nova-anglica in the Australian
National Botanic Gardens is in Section 4, downhill from the sundial
in the Rock Garden. There are two large specimens. This species, New
England Peppermint, is also called Black Peppermint. It has a finely
Photo : Murray Fagg
Its natural distribution
is in the New England tablelands of New South Wales (hence the specific
name of nova-anglica), extending into the adjacent high country
of south-eastern Queensland. Its altitudinal range is 500 to 1500 metres,
mainly above 750 metres. The climate is cool to cold, with frequent
frosts and snow in winter, and a rainfall of about 1000mm. In colder
sites it grows with the Snow Gum (E. pauciflora subspecies pauciflora),
Black Sally (E. stellulata) and Candlebark (E. rubida),
but on drier and slightly warmer sites it occurs with New England Blackbutt
(E. andrewsii subspecies andrewsii) and various stringybarks.
In the past few
decades the growth of E. nova-anglica on the New England tablelands
has been adversely affected by 'rural decline' associated with heavy
grazing by insects, particularly beetles such as chrysomelids and scarabs.
was named by Henry Deane and Joseph Maiden.
Henry Deane (1847-1924),
engineer and scientist, was born in London and educated as an engineer
in Ireland. Soon after graduation he worked on the construction of Hungarian
railways. He came to Sydney in 1880 and became a railway surveyor and
worked on the construction of the railway from Homebush to Hawkesbury
River. Later he worked as a consultant engineer in private practice
for the Commonwealth Oil Corporation Ltd, and constructed a railway
to a shale-oil mine in the Newnes district. In 1908 he was appointed
consulting engineer for the survey of the transcontinental railway between
Port Augusta and Kalgoorlie, and in 1912 he became engineer-in-chief
for the construction branch of the new Commonwealth Railways.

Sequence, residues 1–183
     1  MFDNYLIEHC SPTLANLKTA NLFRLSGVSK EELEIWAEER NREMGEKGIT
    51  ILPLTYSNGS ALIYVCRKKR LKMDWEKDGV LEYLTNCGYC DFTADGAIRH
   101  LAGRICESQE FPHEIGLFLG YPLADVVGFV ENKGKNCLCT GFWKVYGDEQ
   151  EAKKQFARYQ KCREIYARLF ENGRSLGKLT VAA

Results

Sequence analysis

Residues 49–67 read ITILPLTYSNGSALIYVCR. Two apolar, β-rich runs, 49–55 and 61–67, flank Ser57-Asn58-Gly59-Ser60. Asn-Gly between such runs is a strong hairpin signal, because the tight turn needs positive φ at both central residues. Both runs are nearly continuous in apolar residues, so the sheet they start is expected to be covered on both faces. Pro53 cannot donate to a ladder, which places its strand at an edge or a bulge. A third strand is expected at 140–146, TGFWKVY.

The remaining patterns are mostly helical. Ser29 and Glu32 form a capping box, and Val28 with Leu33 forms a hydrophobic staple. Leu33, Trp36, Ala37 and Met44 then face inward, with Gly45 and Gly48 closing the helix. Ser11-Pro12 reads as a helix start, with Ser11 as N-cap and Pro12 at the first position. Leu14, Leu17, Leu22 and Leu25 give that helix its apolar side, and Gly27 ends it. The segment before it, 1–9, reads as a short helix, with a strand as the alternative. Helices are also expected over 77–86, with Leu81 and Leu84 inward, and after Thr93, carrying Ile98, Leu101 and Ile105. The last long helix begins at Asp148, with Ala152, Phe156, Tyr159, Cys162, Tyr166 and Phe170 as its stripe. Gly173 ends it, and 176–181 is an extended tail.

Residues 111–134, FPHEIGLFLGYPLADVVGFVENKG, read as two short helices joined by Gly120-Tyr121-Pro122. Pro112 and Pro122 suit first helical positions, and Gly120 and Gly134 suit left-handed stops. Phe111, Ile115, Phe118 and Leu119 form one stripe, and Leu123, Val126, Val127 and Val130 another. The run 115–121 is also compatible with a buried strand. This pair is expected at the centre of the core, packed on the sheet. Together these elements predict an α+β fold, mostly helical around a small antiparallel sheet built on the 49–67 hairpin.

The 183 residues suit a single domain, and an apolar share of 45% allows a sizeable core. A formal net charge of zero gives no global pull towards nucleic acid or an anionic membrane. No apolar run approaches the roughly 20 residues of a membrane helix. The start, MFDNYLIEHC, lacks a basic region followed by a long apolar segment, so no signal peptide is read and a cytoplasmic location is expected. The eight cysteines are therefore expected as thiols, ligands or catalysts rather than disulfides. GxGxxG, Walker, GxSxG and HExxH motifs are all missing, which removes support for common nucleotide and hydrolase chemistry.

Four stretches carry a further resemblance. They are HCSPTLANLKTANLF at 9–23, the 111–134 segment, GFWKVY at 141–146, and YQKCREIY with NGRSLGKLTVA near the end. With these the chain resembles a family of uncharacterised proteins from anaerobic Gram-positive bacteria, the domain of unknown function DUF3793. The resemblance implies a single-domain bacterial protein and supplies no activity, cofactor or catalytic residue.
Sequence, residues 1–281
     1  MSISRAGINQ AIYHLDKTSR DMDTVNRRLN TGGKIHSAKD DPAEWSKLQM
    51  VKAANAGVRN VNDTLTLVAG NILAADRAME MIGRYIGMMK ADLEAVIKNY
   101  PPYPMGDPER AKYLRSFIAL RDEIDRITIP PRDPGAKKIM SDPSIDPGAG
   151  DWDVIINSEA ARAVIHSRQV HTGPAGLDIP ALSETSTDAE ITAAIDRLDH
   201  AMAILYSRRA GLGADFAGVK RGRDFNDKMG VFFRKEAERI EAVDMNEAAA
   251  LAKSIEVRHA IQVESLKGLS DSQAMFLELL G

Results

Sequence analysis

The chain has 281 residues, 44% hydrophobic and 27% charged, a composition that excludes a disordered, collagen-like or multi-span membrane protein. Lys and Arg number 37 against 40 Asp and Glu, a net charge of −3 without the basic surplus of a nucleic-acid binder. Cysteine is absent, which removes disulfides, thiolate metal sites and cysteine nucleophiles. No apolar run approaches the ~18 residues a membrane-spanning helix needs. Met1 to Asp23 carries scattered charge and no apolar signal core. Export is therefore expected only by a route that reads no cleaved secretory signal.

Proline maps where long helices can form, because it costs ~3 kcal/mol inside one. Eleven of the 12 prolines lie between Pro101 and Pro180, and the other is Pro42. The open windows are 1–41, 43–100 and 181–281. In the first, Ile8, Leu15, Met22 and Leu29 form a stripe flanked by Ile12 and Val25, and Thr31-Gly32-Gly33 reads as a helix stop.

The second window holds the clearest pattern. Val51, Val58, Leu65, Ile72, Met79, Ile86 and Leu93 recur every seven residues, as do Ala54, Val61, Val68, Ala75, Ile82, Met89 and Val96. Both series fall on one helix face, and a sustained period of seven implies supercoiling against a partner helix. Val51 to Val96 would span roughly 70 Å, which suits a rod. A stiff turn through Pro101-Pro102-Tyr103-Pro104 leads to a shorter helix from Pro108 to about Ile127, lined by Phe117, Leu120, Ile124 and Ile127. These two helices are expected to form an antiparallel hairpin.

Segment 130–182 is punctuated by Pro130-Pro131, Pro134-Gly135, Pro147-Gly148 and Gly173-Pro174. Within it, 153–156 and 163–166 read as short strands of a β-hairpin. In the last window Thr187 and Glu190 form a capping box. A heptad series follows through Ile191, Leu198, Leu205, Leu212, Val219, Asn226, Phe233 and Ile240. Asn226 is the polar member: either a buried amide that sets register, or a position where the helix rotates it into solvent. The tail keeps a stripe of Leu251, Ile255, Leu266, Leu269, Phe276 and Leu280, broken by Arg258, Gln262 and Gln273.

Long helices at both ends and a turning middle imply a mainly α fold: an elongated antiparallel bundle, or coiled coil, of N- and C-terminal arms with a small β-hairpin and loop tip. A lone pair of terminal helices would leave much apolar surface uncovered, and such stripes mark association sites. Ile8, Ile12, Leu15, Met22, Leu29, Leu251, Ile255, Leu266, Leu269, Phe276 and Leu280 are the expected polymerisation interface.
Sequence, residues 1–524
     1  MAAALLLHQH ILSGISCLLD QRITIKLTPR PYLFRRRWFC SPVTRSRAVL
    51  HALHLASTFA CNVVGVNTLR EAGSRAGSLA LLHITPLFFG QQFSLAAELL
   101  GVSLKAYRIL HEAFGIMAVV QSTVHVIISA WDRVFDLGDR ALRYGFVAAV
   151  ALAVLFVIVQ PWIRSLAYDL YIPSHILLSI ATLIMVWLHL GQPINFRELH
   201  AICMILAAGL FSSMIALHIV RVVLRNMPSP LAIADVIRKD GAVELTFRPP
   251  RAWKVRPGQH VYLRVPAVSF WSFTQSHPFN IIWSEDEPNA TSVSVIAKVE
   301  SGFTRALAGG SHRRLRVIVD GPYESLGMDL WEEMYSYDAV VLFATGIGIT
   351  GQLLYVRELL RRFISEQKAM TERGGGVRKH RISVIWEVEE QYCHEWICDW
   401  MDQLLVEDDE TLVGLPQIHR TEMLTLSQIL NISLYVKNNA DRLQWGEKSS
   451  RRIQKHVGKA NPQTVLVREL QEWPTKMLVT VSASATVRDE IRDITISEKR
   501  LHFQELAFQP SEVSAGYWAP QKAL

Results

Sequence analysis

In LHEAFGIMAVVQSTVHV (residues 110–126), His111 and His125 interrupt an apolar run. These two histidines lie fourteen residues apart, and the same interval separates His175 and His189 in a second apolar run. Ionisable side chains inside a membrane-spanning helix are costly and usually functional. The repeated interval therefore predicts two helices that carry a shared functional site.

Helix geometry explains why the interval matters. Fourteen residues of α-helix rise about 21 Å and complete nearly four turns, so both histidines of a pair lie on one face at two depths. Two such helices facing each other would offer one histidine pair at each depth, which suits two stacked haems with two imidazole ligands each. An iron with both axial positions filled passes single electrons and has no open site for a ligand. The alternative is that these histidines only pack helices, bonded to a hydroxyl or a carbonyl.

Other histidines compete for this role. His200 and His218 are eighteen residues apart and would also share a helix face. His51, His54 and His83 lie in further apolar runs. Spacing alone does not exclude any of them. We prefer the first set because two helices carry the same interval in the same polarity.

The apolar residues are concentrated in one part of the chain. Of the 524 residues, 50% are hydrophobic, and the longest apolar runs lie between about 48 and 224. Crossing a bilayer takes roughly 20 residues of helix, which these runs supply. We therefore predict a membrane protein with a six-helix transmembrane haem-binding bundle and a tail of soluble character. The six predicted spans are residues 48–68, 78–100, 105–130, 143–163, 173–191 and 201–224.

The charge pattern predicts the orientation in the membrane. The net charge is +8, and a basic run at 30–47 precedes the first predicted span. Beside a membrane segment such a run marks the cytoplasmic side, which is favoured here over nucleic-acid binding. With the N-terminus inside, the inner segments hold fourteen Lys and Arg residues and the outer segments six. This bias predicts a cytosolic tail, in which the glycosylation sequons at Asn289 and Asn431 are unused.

Deane was also
an accomplished botanist and worked on the Tertiary fossil flora of
eastern Australia. He published many papers, often with J.H. Maiden,
on botany and palaeontology and made a special study of Australian timbers.
E. deanei which occurs in the Blue Mountains, is named after
Joseph Henry Maiden
(1859-1925), botanist and public servant, was born in London, completing
a science degree at the University of London. He came to Sydney in 1880
and became curator of the new Technological Museum there. He became
an expert in economic botany and encouraged research into the properties
of Australian timbers and essential oils. In the late 1880's he published
The Useful Native Plants of Australia and Wattles and Wattle-barks.
He became superintendent of technical education in 1894 and in 1896
director of the Botanic Gardens, Sydney, and Government Botanist. One
of his major achievements was the formation of the National Herbarium
of New South Wales, opened in 1901. In 1902 he visited Europe and returned
with nearly 600 botanical specimens collected by Joseph Banks in 1770
and hitherto stored in the British Museum.
works were A Critical Revision of the Genus Eucalyptus, appearing
in over 70 parts from 1903, in which he recognised 366 species, and
his Forest Flora of New South Wales in 77 parts from 1904. He
published a life of Joseph Banks in 1909, and helped to found Wattle
In March 2004 a
grove of E. nova-anglica near Armidale on the New England tablelands
was incorporated into a memorial to poet Judith Wright by a local community
group. She was born there in 1915. Her words "Country that built
my heart" are carved on one of the trees in the memorial. She wrote
evocatively of the New England area in her poem South of my days
of my blood's country,
rises that tableland, high delicate outline
of bony slopes wincing under the winter,
low trees blue-leaved and olive, outcropping granite
clean, lean, hungry country."
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